recipe card stories

Illustration: Kate Bingaman-Burt

Love, Loss and What We Ate

My grandmother is baking in our kitchen. I'm 8 years old and standing next to her, mesmerized as she kneads challah dough to just the right texture—not too wet, not too tough. She smells like flour and wears her thin gray hair pulled back into a neat bun, her hairpins still showing through. She painstakingly rolls out rugelach to a perfect eighth-inch thickness, then fills it with nuts and jam and pinches the dough back onto itself. She hands me the scraps to make a cookie of my own.

My grandmother cooked by feel and taste, wrote recipes down only when asked. And so the few that survive more than 30 years later—the hamantaschen she made for Purim, the blintzes and sweet noodle kugel we had on the high holidays—are precious. When I was a child, these recipes, along with dozens more my mother collected, lived in plastic cases or stuck between pages of cookbooks. I forgot about them until my mother died. But as I went through her things, I set aside every card and clipping from her and her mother, though I'm not a cook. They belonged to my family, my childhood; I knew I couldn't leave them behind. And as I leafed through the stained and worn cards, I was transported. My grandmother's matzo ball soup, its recipe card yellowed and creased, was a Friday tradition when she visited, even on sticky summer nights when I grumbled that the temperature outside was as hot as the soup. My mother's careful ballpoint script returns me to the local library, where she would studiously copy recipes from the latest issue of Gourmet: Moroccan chicken with olives, curried lamb, watercress vichyssoise.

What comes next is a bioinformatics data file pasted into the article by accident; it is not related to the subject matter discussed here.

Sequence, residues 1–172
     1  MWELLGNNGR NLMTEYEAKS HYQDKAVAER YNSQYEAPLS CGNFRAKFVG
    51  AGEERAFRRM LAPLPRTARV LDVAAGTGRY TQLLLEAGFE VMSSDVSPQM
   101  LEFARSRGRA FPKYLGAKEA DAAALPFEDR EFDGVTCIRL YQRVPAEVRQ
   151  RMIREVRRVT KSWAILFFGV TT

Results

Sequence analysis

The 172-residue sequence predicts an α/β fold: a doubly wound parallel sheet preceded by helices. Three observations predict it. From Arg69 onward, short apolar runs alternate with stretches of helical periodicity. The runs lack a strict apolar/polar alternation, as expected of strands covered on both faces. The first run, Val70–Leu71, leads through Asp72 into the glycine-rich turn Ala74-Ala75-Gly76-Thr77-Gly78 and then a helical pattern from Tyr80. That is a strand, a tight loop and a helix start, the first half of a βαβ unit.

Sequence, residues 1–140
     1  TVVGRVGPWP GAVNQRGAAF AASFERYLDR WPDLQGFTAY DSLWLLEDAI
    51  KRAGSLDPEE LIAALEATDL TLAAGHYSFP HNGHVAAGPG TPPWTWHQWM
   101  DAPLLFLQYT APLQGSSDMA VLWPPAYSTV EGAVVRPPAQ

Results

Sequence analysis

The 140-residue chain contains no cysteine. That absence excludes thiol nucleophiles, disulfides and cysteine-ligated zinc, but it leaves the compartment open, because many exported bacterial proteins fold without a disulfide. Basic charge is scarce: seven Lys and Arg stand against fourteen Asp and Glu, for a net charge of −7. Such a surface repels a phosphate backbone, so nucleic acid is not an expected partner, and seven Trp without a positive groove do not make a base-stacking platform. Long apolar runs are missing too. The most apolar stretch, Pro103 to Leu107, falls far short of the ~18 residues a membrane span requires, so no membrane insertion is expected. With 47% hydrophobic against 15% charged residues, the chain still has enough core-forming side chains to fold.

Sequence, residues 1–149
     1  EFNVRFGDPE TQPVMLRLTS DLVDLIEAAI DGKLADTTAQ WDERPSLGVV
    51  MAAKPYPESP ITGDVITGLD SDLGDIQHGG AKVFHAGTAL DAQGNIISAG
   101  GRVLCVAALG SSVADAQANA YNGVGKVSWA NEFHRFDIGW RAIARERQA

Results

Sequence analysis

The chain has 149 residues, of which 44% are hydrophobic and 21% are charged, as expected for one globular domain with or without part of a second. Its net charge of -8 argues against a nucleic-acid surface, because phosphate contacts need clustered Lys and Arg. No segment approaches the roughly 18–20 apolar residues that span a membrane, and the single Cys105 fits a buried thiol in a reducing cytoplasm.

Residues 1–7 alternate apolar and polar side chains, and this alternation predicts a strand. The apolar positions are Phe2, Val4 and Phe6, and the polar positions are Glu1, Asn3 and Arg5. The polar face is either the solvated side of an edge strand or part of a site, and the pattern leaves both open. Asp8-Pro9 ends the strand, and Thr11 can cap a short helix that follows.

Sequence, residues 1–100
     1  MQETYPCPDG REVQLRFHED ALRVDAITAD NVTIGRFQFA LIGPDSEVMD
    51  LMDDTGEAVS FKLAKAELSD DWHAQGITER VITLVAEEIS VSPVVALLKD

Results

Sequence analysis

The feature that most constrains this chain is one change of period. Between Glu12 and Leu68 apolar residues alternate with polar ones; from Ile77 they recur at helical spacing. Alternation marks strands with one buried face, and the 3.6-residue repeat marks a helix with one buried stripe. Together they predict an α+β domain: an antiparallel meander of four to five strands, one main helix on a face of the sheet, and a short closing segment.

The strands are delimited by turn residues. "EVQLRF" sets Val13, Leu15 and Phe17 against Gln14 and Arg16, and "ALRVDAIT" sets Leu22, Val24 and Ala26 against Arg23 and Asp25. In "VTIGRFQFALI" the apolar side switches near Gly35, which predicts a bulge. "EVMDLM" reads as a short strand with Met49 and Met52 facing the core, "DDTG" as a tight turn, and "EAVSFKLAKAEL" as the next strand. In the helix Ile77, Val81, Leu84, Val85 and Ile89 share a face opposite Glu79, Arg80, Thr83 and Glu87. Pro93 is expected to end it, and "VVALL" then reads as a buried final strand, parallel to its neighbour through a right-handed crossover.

I'll never make most of these dishes, but I don't need to. The recipes are enough. Each one tells the story of how these women fed the people they loved—and reminds me that I was among them.

—By Naomi Barr

Illustration: Julia Breckenreid

On This Very Spot

At some point in time—June 1952, or the Paleozoic era, or six weeks ago—something happened on the patch of planet you're currently occupying. In 1888, in the building before the building before the building you're in now, maybe a man proposed to his beloved in the very spot where you're sitting; and perhaps 458 years before that, when there was no building at all, a teenage girl watched a shooting star; and 150 million years earlier, maybe a stegosaurus egg hatched in just that place and a scaly little guy greeted the world. Every chunk of dirt on earth has been the setting of more stories than we can fathom, most of them long forgotten.

But some people refuse to forget. Some people commemorate the events they find important, even if they're important only to them. Thank goodness some posterity-minded soul put plaque to stone in Makanda, Illinois, where in 1859, Boomer the Three-Legged Hero Dog perished while reportedly attempting to extinguish a fire with his pee. Praise be to the citizens of Sylacauga, Alabama, who erected a statue in appreciation of the eight-and-a-half-pound meteorite that bulleted through Ann Hodges's roof in November 1954 and smacked her on the hip. And what if no one had marked the Quartzsite, Arizona, tomb of Mr. Hi Jolly, who was hired by the U.S. government to test the military utility of camels? Many years ago, someone was pained to think we might forget these things. Many years ago, someone took the trouble to ensure we wouldn't.